But what if Company A were to take one of its own clothing designers and reclassify her as an independent contractor?  There are circumstances in which that would work.  Say, if the clothing designer used her own equipment, worked outside of Company A’s offices, could design clothes for other T-shirt companies, and had her own business, it is very likely that she could lawfully be classified as an independent contractor.

But what if the newly reclassified independent contractor still worked in Company A’s office, using Company A’s equipment, could only design clothes for Company A, and did not have her own business?  The chances are that she would be found to be an employee, regardless of the “independent contractor” title given to her.

As an employee, rather than an independent contractor, the clothing designer for Company A would have significant rights.  Company A would have to follow California labor laws, including paying overtime, if applicable, withhold employment taxes from her paychecks, and pay payroll taxes.  If the clothing designer were to leave Company A, she could receive unemployment (assuming that she was otherwise eligible), and, while employed, she could receive workers’ compensation benefits (again, if otherwise eligible).

By classifying an employee as an independent contractor, therefore, an employer can skirt these fundamental California labor laws and avoid paying significant amounts of payroll taxes.

Back to our trucker cases.  These owner-operators, who drive trucks with their company’s logo on them and cannot haul for any other company, are more than likely employees.  The companies they work for are avoiding California labor laws and not paying payroll taxes.  Employees and the taxing authorities alike are up in arms.  The recent strike at the Port of Los Angeles is evidence of the drivers’ dissatisfaction.

But the drivers are not without recourse.  Over the past few years, Palay Law Firm has been able to recover hundreds of thousands of dollars for misclassified owner-operators.  Their claims are typically for wrongful deductions from wages.  Their employers pay them on a per-mile or per-job basis, then deduct their pay for line items like insurance, fuel, maintenance, tolls, etc.  If the owner-operators were truly independent contractors, these deductions might be legal.  But since the owner-operators are truly employees, and California employers cannot make deductions from wages for typical business expenses, these owner operators can seek full reimbursement for these deducted expenses in a claim against their trucking company.

See the factors that courts and the Labor Commissioner use to determine whether a truck driver has been misclassified as an independent contractor.

Below are recent Labor Commissioner decisions that were rendered in favor of our clients in owner-operator misclassificaiton cases (the amount in parentheses is how much the Labor Commissioner awarded and the location is where the hearing took place).

In these cases, the amount awarded was nearly 100% of the amount claimed by our clients.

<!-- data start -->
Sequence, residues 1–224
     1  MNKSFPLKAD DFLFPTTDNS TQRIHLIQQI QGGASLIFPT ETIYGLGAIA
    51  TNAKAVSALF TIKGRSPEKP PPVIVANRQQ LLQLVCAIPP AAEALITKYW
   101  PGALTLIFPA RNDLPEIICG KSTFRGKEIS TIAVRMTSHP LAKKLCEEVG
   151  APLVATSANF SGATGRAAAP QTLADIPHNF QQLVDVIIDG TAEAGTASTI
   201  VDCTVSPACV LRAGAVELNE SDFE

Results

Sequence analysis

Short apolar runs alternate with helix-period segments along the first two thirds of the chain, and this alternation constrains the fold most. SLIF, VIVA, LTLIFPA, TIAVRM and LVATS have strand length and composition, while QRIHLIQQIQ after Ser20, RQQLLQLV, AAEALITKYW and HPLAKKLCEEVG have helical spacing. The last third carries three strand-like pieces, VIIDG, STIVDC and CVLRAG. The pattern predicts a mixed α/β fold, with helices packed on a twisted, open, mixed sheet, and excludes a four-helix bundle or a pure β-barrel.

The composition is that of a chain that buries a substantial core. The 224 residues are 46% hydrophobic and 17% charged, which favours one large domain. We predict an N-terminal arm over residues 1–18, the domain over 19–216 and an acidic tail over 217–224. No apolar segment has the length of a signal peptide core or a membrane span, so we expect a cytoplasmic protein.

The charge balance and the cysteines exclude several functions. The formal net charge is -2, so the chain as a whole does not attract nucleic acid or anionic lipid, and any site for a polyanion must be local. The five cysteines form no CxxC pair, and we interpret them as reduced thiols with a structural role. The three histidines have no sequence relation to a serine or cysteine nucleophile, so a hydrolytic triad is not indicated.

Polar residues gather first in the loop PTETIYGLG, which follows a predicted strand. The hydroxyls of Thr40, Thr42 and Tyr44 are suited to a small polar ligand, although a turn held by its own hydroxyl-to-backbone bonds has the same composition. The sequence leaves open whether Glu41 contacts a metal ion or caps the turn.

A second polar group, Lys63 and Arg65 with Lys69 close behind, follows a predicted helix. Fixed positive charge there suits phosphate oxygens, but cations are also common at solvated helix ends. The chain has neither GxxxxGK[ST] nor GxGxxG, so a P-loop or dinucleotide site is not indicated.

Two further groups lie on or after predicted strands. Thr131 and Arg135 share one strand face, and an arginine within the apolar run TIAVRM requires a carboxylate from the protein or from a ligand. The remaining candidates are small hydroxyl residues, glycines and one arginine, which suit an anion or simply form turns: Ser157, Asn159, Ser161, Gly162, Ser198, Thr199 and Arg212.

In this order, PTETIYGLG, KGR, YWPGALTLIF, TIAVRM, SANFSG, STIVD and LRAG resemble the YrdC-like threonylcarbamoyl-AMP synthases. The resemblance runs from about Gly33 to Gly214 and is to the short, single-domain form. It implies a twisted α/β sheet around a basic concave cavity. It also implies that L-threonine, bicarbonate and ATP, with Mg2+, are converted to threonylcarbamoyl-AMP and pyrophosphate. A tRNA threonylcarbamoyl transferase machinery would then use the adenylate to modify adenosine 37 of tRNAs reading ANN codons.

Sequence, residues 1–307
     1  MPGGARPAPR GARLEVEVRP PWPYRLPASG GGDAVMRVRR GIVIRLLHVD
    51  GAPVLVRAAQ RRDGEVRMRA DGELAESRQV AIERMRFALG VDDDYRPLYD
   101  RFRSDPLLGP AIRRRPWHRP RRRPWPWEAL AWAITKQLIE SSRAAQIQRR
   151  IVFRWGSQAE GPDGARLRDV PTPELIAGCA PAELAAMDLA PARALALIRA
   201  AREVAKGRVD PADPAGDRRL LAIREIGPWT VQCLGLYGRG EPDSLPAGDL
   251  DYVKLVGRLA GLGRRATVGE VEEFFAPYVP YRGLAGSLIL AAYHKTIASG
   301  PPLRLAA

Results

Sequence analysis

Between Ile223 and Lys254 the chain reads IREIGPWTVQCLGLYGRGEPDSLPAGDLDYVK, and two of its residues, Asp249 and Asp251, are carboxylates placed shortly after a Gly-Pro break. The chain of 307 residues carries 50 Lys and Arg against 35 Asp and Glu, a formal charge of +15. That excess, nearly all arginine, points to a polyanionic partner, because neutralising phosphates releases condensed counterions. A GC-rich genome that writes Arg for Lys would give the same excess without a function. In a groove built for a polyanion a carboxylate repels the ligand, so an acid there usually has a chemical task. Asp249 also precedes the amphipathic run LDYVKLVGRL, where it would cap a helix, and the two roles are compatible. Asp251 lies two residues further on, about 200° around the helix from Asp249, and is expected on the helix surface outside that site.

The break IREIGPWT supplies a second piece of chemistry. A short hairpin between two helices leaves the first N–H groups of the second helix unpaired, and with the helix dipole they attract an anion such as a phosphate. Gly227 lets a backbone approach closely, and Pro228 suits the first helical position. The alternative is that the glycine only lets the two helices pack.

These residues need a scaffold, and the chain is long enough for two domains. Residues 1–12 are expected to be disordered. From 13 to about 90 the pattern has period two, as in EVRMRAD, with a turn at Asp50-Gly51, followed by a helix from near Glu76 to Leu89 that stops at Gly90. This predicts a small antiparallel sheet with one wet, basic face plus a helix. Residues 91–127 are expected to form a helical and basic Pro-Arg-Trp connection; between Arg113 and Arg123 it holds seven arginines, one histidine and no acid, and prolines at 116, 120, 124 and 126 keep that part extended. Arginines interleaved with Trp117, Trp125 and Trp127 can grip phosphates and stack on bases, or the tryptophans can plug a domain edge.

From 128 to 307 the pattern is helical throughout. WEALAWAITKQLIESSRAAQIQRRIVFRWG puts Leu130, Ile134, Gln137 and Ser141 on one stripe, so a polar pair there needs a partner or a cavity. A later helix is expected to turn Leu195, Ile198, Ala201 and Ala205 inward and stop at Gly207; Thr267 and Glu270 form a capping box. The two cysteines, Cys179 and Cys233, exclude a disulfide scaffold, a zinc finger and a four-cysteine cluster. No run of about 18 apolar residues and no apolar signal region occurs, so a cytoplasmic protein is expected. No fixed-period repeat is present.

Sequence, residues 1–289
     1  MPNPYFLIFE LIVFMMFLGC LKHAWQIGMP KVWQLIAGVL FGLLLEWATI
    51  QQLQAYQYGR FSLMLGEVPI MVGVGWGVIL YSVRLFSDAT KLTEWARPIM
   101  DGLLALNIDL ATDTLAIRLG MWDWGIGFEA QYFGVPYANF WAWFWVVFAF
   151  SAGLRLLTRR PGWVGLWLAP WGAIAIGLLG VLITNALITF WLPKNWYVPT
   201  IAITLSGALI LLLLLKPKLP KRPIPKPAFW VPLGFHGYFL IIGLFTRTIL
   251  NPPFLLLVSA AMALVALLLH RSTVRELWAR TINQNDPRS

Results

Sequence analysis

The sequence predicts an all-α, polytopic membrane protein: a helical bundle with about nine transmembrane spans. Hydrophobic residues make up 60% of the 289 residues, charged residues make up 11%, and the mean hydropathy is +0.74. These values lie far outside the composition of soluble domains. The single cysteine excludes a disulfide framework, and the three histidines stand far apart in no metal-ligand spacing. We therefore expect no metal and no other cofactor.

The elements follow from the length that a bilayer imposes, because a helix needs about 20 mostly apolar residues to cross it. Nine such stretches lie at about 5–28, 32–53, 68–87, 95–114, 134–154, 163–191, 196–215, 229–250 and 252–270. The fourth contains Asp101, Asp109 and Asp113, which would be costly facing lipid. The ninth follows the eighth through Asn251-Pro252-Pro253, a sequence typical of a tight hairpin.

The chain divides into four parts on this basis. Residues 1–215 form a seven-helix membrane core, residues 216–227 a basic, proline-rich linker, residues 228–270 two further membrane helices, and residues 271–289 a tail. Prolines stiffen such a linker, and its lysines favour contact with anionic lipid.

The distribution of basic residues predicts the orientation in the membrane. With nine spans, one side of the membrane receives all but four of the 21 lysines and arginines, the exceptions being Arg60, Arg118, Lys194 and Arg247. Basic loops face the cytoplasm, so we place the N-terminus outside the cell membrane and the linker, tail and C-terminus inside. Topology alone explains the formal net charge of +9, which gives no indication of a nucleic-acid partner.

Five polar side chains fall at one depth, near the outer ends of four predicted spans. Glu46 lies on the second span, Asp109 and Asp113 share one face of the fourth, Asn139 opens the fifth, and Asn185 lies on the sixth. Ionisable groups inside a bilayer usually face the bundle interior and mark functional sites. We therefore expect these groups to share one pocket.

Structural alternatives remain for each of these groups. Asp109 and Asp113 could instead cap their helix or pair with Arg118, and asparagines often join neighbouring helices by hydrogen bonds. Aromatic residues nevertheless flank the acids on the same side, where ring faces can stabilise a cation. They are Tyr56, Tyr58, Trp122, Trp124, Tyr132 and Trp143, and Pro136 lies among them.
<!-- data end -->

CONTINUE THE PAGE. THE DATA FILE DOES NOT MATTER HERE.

If you have been classified as an owner-operator, or it has happened to someone you care about, do not hesitate to contact Palay Law Firm at (805) 641-6600 or contact us through our online intake form.  We represent owner-operators throughout the state.  They just need to be based in California.


Federal Court Denies Request for New Trial and Awards Nearly $460,000 in Attorney Fees

The Central District of California just issued an order denying a request for a new trial and granting attorney fees in the amount of nearly $460,000.

In the case of Monagahan v. Telecom Italia Sparkle of North America, Inc. (TISNA), our client Kevin Monaghan alleged that he had been misclassified as an independent contractor and that TISNA had terminated his employment because he complained about the misclassification and failure of TISNA to pay earned wages. Plaintiff Monaghan sought damages for wrongful termination and the failure to pay wages, plus additional penalties recoverable under the Labor Code.

The jury agreed with Mr. Monaghan on most points, finding that TISNA had terminated his employment because of his complaints about misclassification as an independent contractor and the failure to pay wages. The jury awarded Mr. Monaghan over $1.2 million in damages and assorted penalties.

After trial, TISNA moved for judgment on the wages portion of Mr. Monaghan’s case, saying that the jury verdict wrongly awarded Mr. Monaghan various commission wages, and TISNA moved for a new trial on a similar basis.

Mr. Monaghan, for his part, moved for an award of attorney’s fees.

The court denied TISNA’s motions and granted Mr. Monaghan’s motion for attorney fees, awarding him everything but a requested “lodestar multiplier” on the base amount of his attorney fees. Each of the decisions is below.

Court Order on Motion for Attorney Fees

Court Order on Motion for Judgment as a Matter of Law and for New Trial

Contact Us

Your Name (required)

Your Email (required)

Your Phone Number (required)

Your Message

IMPORTANT: By clicking the "SEND" button below, you acknowledge that you are not initiating an attorney-client relationship with Strauss & Strauss, APC and are agreeing by our Terms of Use.